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Georg Schmidt – One of the best experts on this subject based on the ideXlab platform.

  • Sex differences in long-term mortality among acute myocardial infarction patients: Results from the ISAR-RISK and Art Studies.
    PLOS ONE, 2017
    Co-Authors: Romy Ubrich, Petra Barthel, Bernhard Haller, Katerina Hnatkova, Katharina M. Huster, Alexander Steger, Alexander Müller, Marek Malik, Georg Schmidt

    Abstract:

    Background
    Mortality rates in females who survived acute myocardial infarction (AMI) exceed those in males. Differences between sexes in age, cardiovascular risk factors and revascularization therapy have been proposed as possible reasons.

    Objective
    To select sets of female and male patients comparable in respect of relevant risk factors in order to compare the sex-specific risk in a systematic manner.

    Methods
    Data of the ISAR-RISK and Art Studies were investigated. Patients were enrolled between 1996 and 2005 and suffered from AMI within 4 weeks prior to enrolment. Patients of each sex were selected with 1:1 equivalent age, previous AMI history, sinus-rhythm presence, hypertension, diabetes mellitus, smoking status, left ventricular ejection fraction (LVEF), and revascularization therapy. Survival times were compared between sex groups in the whole study cohort and in the matched cohort.

    Results
    Of 3840 consecutive AMI survivors, 994 (25.9%) were females and 2846 (74.1%) were males. Females were older and suffered more frequently from hypertension and diabetes mellitus. In the whole cohort, females showed an increased mortality with a hazard ratio (HR) of 1.54 compared to males (p

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  • sex differences in long term mortality among acute myocardial infarction patients results from the isar risk and Art Studies
    PLOS ONE, 2017
    Co-Authors: Romy Ubrich, Petra Barthel, Bernhard Haller, Katerina Hnatkova, Katharina M. Huster, Alexander Steger, Alexander Müller, Marek Malik, Georg Schmidt

    Abstract:

    Background
    Mortality rates in females who survived acute myocardial infarction (AMI) exceed those in males. Differences between sexes in age, cardiovascular risk factors and revascularization therapy have been proposed as possible reasons.

    Objective
    To select sets of female and male patients comparable in respect of relevant risk factors in order to compare the sex-specific risk in a systematic manner.

    Methods
    Data of the ISAR-RISK and Art Studies were investigated. Patients were enrolled between 1996 and 2005 and suffered from AMI within 4 weeks prior to enrolment. Patients of each sex were selected with 1:1 equivalent age, previous AMI history, sinus-rhythm presence, hypertension, diabetes mellitus, smoking status, left ventricular ejection fraction (LVEF), and revascularization therapy. Survival times were compared between sex groups in the whole study cohort and in the matched cohort.

    Results
    Of 3840 consecutive AMI survivors, 994 (25.9%) were females and 2846 (74.1%) were males. Females were older and suffered more frequently from hypertension and diabetes mellitus. In the whole cohort, females showed an increased mortality with a hazard ratio (HR) of 1.54 compared to males (p<0.0001). The matched cohort comprised 802 patients of each sex and revealed a trend towards poorer survival in females (HR for female sex 1.14; p = 0.359). However, significant mortality differences with a higher risk in matched females was observed during the first year after AMI (HR = 1.61; p = 0.045) but not during the subsequent years. Conclusion Matched sub-groups of post-AMI patients showed a comparable long-term mortality. However, a female excess mortality remained during first year after AMI and cannot be explained by differences in age, cardiovascular risk factors, and modes of acute treatment. Other causal factors, including clinical as well as psychological and social aspects, need to be considered. Female post-AMI patients should be followed more actively pArticularly during the first year after AMI.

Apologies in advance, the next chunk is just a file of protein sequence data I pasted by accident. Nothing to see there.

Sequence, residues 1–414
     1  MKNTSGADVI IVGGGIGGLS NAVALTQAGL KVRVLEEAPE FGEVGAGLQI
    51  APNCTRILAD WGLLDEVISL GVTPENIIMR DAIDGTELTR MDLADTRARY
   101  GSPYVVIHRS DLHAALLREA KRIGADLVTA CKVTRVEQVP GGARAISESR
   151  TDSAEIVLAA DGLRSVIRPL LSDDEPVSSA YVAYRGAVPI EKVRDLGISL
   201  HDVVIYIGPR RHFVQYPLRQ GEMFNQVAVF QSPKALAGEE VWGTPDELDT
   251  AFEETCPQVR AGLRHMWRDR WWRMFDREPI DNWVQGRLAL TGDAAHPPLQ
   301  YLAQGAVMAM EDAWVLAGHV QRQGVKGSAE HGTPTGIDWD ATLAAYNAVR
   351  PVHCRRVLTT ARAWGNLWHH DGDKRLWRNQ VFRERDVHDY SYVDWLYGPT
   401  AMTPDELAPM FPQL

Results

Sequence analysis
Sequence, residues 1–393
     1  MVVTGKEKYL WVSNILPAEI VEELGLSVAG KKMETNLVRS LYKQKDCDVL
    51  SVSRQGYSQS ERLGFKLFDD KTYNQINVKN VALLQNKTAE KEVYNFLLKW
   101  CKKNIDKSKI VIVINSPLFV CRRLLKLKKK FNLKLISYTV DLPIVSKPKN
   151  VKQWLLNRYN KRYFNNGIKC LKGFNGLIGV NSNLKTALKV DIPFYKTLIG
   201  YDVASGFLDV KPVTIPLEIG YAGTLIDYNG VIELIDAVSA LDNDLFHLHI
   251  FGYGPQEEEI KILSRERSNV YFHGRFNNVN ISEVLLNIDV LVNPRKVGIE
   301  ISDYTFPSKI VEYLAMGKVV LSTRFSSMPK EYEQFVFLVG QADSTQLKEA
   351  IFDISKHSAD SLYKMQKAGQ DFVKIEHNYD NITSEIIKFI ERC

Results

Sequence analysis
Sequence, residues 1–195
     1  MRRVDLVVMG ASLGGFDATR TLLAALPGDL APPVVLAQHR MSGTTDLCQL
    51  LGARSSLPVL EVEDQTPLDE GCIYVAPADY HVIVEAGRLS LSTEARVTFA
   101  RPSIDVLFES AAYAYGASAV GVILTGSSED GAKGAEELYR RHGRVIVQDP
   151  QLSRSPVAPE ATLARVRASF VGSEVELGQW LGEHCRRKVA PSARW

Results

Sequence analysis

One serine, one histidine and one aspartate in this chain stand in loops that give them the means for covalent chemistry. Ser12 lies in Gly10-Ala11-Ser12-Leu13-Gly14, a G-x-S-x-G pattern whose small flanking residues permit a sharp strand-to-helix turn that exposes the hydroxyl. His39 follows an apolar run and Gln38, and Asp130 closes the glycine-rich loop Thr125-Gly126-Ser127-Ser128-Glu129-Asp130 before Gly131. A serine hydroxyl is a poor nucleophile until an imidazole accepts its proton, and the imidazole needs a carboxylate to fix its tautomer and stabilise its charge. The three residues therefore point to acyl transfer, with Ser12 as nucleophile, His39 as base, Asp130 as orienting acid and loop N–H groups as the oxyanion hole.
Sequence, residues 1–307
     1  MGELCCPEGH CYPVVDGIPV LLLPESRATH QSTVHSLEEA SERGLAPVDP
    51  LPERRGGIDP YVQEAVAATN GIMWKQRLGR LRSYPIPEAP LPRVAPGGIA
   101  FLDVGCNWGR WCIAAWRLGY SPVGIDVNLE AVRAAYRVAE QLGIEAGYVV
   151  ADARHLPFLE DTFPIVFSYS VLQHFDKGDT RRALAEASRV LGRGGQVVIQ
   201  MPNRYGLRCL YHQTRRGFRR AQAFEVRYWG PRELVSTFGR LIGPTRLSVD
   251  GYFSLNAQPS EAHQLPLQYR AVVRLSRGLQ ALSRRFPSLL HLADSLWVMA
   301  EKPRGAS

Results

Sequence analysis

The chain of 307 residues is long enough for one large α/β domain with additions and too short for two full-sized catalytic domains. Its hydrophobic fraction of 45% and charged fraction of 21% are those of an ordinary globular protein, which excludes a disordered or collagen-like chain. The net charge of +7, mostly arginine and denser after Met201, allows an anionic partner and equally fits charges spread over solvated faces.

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Manuel R. González Morales – One of the best experts on this subject based on the ideXlab platform.

  • Paleolithic Art: A Cultural History
    Journal of Archaeological Research, 2013
    Co-Authors: Oscar Moro Abadía, Manuel R. González Morales

    Abstract:

    In this Article we review the history of the terms and ideas that have been used to conceptualize Paleolithic Art since the end of the 19th century. Between 1900 and 1970, prehistoric representations were typically divided into two main groups: parietal Art (including rock and cave Art) and portable (or mobiliary) Art. This classification gave rise to asymmetrical attitudes about Paleolithic images. In pArticular, many portable and nonfigurative representations were overlooked while a small number of cave paintings were praised for their realism. Although the portable/parietal division has remained a popular divide among archaeologists, in the last 30 years increasing numbers of specialists have crossed the boundaries established by these categories. They have developed new frameworks within which more kinds of images are meaningfully approached and incorporated into the analysis of Paleolithic Art and symbolism. The emergence of new approaches to Pleistocene imagery is the result of a number of interrelated processes, including the globalization of Paleolithic Art Studies, the impact of new discoveries, and the development of new approaches to Art, images, and symbolism.